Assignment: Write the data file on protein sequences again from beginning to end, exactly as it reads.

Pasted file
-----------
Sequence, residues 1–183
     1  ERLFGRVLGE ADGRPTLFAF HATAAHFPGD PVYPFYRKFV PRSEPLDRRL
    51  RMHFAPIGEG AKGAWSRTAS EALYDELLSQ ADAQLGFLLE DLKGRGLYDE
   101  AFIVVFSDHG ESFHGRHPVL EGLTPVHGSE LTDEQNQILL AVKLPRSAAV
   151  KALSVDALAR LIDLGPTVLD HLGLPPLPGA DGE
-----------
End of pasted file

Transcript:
Sequence, residues 1–183
     1  ERLFGRVLGE ADGRPTLFAF HATAAHFPGD PVYPFYRKFV PRSEPLDRRL
    51  RMHFAPIGEG AKGAWSRTAS EALYDELLSQ ADAQLGFLLE DLKGRGLYDE
   101  AFIVVFSDHG ESFHGRHPVL EGLTPVHGSE LTDEQNQILL AVKLPRSAAV
   151  KALSVDALAR LIDLGPTVLD HLGLPPLPGA DGE